It’s not the easiest thing to talk about, but it’s important. Especially when it comes to deciding what happens to your assets. After all, you spent all your life working hard to build your estate.
On average, only 44% of Americans have their estate settled. Are you one of them?
If not, don’t fret. Read on to discover 10 estate planning tips, so that you’re prepared for when the time comes.
1. Assess Your Estate:
Before you begin legal processions, it is worth your while to take an inventory of your estate.
Start by evaluating your possessions. Tangible objects, like heirlooms, are easy to make note of and won’t be as complex to distribute to a beneficiary. But not every asset is tangible.
Take care to note intangible possessions, such as investments, retirement contributions, or life insurance.
Speaking of life insurance…
2. Get a Life Insurance Policy:
A life insurance policy is a great investment to make, especially if you have a family. In the event of an untimely death, life insurance can replace income for whoever relies on you for financial support. And, investing in life insurance sooner can lower your cost.
If you are looking for a way to add to your estate, life insurance is a safe bet.
3. Find the Right Lawyer to Give You Personalized Estate Planning Tips:
In order to ensure your estate will be properly managed and distributed, you need a reputable estate planning attorney.
An estate planning attorney will draft the documents needed in order to plan your estate, such as wills, and trusts. It’s important to have an attorney on hand because they can provide counsel that you will not be able to find anywhere online.
The attorneys at De Bruin Law Firm note how computer-generated forms and other DIY solutions won’t cut it. Online forms may not be tailored to the local law in your area, and mistakes could actually cost you in the long run. An estate planning attorney will better understand the subtleties involved when it comes to the law and planning your estate.
4. Choose Your Beneficiaries:
Certain types of assets aren’t passed through wills, such as life insurance or retirements accounts. Instead, they’re passed down by a beneficiary designation. Be sure to keep this information up-to-date, or the wrong person may receive the inheritance.
5. Determine Your Executor:
An executor is someone who manages the plans for your estate. This could be anyone from a family member to an attorney. One factor to determine your choice of executor is the nature of your assets.
For smaller estates, a family member could do. For more complex estates, consider an attorney or a corporate trustee.
In any case, the executor should be someone you trust to carry out your wishes.
According to leading legal experts at Faulkner Law, the executioner of the will plays a critical role in ensuring everything is carried out in accordance with the wishes of the individual. You need to choose an executioner that works in an affordable fee range.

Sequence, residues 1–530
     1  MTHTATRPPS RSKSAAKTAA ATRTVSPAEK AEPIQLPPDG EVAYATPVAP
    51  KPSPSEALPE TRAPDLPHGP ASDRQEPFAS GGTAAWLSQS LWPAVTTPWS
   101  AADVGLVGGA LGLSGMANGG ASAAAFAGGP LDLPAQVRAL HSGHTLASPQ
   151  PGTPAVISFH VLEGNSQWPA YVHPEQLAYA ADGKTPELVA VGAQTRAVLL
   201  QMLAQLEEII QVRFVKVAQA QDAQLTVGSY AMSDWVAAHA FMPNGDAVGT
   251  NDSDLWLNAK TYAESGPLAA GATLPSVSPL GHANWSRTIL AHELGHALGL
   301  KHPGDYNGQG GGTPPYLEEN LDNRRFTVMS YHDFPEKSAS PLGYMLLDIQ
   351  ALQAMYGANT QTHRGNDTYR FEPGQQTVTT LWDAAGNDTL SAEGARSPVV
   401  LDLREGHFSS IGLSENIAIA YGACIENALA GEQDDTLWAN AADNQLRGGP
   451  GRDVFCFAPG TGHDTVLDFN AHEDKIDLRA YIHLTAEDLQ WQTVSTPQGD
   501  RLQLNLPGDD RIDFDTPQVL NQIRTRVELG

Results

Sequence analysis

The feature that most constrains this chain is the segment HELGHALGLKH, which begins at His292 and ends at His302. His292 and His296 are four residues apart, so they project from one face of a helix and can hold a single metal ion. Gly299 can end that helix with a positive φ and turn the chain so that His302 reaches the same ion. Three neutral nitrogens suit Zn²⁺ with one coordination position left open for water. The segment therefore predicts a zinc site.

6. Plan Your Taxes:
There’s a saying that goes like this: “There are only two certainties in life. Death, and taxes.” In the case of estate taxes, they happen at the same time.
To reduce estate tax liability, transfer assets gradually. This could mean breaking your assets into shares instead of one lump sum, then dispersing them in chunks yearly. By the end of the time frame you allotted for the disbursement, sole ownership will be granted to the designated beneficiary.
7. Write a Will:
A will is a document that determines where your assets will be distributed only after you die.
Wills must go through probate in order for the assets to be distributed to beneficiaries, which can be costly. They’re also subject to public records.
8. Construct a Trust:
A trust is similar to a will in that it is a document that denotes where assets are to be distributed.
The difference, though, is that trusts are effective immediately, and can bypass the probate step.
Trusts also allow you the ability to disburse assets slowly over time, instead of all at once.
Trusts are more flexible than wills when it comes to estate planning, but that doesn’t mean it’s always the best choice. It’s best to discuss your options with your attorney to determine how your assets are to be distributed.
9. Designate Your Power of Attorney:
A power of attorney is someone that manages your affairs in your stead. This is helpful if you are unavailable for signing legal documents because it reduces disruptions in your own life. It’s also beneficial to have a power of attorney because they can manage your estate if you are medically incapacitated.
Because the power of attorney is someone that acts on your own behalf, you should choose someone that you trust.
10. Review Your Estate Plan:
After your documents have been drafted, you might be satisfied with the way your estate will be handled.
For now, that is.
There are many unforeseen circumstances when it comes to life, let alone estate planning. It’s important to keep your paperwork updated in the event of changes so that the correct people inherit what they’re supposed to.
Some things to look out for are our name changes, changes in power of attorney, or if any alternative guardians to minors should be designated. Check-in with your lawyer as instances occur to make the proper updates.
Now that you’re aware of a few estate planning tips, you can rest easy knowing that all of your hard work will fall into the right hands: the hands that you chose.
If you’re wanting to increase your estate in the long run, check out these tips that will change your finances for the better.